Marketards & manglement need to stop trying to do engineering. Between them, they are cocking things up completely. It's kinda like watching a liberal arts major trying to use a lathe ... spectacularly dangerous for onlookers, but funny in a morbid kind of way.

And that's "offenses". With an "s".

Beer. Not drinking (yet), firing up the bottling line for the first time ... Wish me luck :-)

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Re: Duh.

I propose that only people with PhD's are allowed to use computers. And only while wearing lab coats.

<-- The blank icon, because I might be being serious or I might be being sarcastic.

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Anonymous Coward

Re: Duh.

"I propose that only people with PhD's are allowed to use computers."

I'd rather we allow people who know what they're doing to use them instead.

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Anonymous Coward

Re: Duh.

That would be nobody then.

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Anonymous Coward

Re: Duh.

Great idea.

I'm a bit worried.

Who does the allowing? Or not allowing?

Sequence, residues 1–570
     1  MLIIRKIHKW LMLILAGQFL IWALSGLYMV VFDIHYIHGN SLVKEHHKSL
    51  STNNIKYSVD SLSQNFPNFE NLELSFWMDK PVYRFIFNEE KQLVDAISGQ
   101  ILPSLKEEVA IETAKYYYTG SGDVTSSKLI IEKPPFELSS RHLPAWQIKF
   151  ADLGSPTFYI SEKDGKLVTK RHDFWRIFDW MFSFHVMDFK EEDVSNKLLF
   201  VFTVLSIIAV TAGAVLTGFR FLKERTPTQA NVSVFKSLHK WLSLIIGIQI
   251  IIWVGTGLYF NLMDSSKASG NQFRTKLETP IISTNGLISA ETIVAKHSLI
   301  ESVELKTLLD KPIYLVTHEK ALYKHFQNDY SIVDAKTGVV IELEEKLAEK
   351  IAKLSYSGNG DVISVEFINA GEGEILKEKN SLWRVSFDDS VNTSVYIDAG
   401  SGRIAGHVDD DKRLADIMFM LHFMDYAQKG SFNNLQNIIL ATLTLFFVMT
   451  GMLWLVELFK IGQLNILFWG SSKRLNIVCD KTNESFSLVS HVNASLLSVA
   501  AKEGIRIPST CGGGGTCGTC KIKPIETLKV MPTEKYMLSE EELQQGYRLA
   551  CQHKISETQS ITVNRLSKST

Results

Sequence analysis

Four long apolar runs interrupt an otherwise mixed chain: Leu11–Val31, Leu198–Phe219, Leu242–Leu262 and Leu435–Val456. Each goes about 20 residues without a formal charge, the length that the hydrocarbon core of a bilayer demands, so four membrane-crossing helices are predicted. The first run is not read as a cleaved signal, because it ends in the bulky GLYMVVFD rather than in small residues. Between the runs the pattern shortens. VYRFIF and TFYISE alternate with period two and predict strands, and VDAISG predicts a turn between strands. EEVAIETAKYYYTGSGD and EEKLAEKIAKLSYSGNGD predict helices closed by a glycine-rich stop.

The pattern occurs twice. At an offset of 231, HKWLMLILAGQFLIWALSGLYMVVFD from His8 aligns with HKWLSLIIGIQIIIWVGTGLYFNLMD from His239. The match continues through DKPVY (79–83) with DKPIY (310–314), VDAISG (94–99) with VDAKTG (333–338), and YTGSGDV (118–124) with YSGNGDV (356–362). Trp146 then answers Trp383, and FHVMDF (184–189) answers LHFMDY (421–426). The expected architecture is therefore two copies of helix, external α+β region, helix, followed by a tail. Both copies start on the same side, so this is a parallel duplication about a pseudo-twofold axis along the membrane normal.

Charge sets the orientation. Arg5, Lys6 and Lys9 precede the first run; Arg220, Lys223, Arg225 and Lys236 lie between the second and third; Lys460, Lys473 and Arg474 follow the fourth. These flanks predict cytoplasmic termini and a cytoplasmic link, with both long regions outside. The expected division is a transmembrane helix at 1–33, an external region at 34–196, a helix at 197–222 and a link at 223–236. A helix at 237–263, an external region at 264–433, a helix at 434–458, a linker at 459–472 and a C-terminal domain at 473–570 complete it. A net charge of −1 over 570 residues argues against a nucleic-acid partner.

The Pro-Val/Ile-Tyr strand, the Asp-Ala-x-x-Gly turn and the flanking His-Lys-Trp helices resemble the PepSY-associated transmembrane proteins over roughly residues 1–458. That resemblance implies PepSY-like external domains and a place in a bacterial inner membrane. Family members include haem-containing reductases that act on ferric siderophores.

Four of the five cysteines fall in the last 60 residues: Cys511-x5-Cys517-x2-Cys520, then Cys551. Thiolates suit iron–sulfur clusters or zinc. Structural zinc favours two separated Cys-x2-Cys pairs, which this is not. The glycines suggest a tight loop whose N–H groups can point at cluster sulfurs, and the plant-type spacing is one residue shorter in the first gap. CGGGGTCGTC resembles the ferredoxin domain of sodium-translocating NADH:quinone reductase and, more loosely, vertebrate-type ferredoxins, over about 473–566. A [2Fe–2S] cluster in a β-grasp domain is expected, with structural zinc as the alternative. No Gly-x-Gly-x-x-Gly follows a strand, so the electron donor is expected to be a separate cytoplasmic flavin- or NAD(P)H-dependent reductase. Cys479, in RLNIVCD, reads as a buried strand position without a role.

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Re: Duh.

Upvote for the blank icon.

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Headmaster

Re: Duh.

And that's "offenses". With an "s".

Stop. Take a look at your browser address bar, the bit near the top where you can see the address "http://forums.theregister.co.uk/forum/1/2013/02/05/digitally_signed_banking_trojan/".

See that ".co.uk" bit? That means that the site you are reading is based in the United Kingdom, an independent sovereign nation that (arse-reaming extradition treaties notwithstanding) exists outside of the United States of America, and whose citizens speak a language known as English, which is different to American.

In the United Kingdom, and in every other country that speaks English, the word "offence" and its variants are spelt with a "c", not an "s".

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Re: Duh.

I propose that only people with PhD's are allowed to use computers. And only while wearing lab coats.

I have a lab coat I bought for college classes a little while back.

And I have a PhD certifictate signed by DigiCert.

So there, I'm certified. Ahem.

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@Steven Roper (was: Re: Duh.)

A one-line throwaway "across the pond" giggle that has absolutely nothing to do with the actual article in question draws an emotional response. Rare, that. Spit the hook, little fishy.

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Joke

Re: @Steven Roper (was: Duh.)

Never mind, Jake. Steven was probably in a mood because he missed afternoon tea with the queen that day.

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CA who?

Do you know anyone who works for CA? Have you ever audited them? interviewed their head of security? Then why would you trust their certificates? They're just some random people on the Internet, at the end of the day.